Kentucky motorists who get stuck behind semis and other large trucks might think these vehicles already go slowly on the roads, but a speed cap could be placed on trucks and buses when driving on highways. Federal regulators may mandate an electronic device that does not allow vehicles weighing more than 26,000 pounds to travel above a certain limit that might be set at 60, 65 or 68 miles per hour.
The latest version of this forced speed reduction proposal was issued on Aug. 26 by theNational Highway Traffic Safety Administration and the Federal Motor Carrier Safety Administration, both parts of the U.S. Department of Transportation. It has been estimated that making these devices mandatory would save $1 billion annually in fuel costs and could cut back on the more than 1,000 fatal trucking accidents that occur each year. Roadsafe America and other safety groups are in favor of the measure.
The cost for speed-limiting devices is expected to be minimal as big vehicles in the United States are already equipped with these tools, but not all the vehicles actually use this technology to set limits. One group opposing the proposal is the Owner Operator Independent Drivers Association because they argue that it is not safe for large vehicles to be traveling slowly in environments where other cars are going faster.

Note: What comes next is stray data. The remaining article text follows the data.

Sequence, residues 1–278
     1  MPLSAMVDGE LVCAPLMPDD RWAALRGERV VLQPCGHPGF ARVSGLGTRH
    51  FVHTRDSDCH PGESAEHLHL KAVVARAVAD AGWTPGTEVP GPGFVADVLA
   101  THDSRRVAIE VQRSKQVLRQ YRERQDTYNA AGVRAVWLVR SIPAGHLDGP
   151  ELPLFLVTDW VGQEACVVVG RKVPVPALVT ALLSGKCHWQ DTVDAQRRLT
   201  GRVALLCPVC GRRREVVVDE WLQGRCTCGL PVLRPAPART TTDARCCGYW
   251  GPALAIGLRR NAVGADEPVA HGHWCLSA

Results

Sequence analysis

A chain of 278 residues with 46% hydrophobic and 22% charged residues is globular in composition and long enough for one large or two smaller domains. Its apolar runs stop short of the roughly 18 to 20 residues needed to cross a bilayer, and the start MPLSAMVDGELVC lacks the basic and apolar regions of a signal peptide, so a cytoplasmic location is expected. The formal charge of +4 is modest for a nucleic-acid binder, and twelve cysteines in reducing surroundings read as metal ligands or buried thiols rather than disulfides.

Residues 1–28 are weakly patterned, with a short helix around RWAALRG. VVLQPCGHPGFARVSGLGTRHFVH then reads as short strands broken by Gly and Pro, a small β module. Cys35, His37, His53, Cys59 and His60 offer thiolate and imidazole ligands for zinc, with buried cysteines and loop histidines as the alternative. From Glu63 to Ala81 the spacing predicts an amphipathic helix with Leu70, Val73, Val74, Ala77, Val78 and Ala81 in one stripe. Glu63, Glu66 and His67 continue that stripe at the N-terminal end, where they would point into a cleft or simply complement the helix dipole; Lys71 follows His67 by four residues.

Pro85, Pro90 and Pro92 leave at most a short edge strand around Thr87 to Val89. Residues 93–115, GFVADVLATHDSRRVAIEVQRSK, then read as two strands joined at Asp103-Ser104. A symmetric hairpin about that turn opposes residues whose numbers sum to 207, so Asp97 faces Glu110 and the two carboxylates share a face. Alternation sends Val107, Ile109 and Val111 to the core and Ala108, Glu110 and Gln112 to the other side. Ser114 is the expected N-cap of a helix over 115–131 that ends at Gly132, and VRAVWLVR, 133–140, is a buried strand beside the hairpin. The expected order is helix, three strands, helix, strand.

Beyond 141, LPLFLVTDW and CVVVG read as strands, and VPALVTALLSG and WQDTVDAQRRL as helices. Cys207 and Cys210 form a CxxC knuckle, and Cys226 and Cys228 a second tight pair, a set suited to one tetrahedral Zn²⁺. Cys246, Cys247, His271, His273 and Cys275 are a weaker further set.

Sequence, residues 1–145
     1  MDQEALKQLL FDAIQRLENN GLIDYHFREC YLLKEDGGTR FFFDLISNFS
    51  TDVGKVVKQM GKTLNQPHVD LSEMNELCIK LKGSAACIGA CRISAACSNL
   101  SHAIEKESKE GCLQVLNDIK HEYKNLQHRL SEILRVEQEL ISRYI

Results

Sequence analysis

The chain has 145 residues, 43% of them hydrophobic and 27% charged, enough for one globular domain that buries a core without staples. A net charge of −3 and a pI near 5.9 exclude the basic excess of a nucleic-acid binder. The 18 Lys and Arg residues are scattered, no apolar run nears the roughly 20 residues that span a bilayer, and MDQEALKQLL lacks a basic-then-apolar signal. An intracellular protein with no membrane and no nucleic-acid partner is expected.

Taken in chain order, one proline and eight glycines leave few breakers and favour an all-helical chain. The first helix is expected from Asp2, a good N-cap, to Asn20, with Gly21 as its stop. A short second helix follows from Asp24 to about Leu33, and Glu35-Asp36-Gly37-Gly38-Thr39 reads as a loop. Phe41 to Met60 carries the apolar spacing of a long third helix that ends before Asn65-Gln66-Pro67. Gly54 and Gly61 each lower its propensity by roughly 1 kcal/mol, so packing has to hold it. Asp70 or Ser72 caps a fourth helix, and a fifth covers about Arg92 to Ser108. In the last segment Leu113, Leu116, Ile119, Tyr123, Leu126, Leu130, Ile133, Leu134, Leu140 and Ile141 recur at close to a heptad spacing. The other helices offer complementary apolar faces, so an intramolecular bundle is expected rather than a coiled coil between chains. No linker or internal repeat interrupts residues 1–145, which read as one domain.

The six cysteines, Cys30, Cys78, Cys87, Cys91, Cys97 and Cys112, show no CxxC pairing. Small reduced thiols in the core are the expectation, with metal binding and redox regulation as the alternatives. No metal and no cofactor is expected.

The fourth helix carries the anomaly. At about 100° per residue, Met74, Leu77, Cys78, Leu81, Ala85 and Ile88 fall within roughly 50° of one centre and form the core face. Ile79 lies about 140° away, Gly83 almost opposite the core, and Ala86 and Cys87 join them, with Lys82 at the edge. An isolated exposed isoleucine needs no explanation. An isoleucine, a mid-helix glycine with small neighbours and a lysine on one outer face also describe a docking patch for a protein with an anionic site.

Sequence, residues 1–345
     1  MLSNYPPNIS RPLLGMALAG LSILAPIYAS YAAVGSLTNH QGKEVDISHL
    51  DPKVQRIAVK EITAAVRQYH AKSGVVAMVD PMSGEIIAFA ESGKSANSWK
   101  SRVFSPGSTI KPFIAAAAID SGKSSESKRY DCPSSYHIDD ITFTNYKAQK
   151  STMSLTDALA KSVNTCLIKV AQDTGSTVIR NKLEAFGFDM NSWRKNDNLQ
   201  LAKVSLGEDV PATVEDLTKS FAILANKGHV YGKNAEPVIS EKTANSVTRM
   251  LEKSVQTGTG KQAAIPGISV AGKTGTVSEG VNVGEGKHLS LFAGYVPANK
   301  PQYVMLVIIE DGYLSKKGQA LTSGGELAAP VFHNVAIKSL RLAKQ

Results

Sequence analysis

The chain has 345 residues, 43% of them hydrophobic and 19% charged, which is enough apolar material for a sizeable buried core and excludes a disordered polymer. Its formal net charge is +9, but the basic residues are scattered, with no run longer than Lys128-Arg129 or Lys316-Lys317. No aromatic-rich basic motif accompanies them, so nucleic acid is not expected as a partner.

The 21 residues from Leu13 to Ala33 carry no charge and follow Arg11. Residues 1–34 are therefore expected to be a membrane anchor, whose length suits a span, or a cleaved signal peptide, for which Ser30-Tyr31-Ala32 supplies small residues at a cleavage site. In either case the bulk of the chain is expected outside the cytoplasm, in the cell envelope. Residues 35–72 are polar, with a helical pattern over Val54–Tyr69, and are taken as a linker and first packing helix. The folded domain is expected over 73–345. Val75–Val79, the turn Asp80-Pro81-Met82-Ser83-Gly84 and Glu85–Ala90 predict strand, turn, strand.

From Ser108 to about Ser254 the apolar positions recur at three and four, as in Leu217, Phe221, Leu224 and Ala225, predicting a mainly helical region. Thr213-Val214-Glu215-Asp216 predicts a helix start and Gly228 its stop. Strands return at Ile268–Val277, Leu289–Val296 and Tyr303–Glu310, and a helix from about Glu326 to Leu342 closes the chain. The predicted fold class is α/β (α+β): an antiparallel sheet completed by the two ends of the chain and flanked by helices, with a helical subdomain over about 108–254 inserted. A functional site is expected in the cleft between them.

Any truck accident could result in severe injuries when these large vehicles interact with smaller automobiles, bikes or pedestrians. If it can be determined that the accident was caused by a truck driver who was speeding or distracted or by negligent truck maintenance, an attorney could help an injured victim seek compensation from the responsible parties.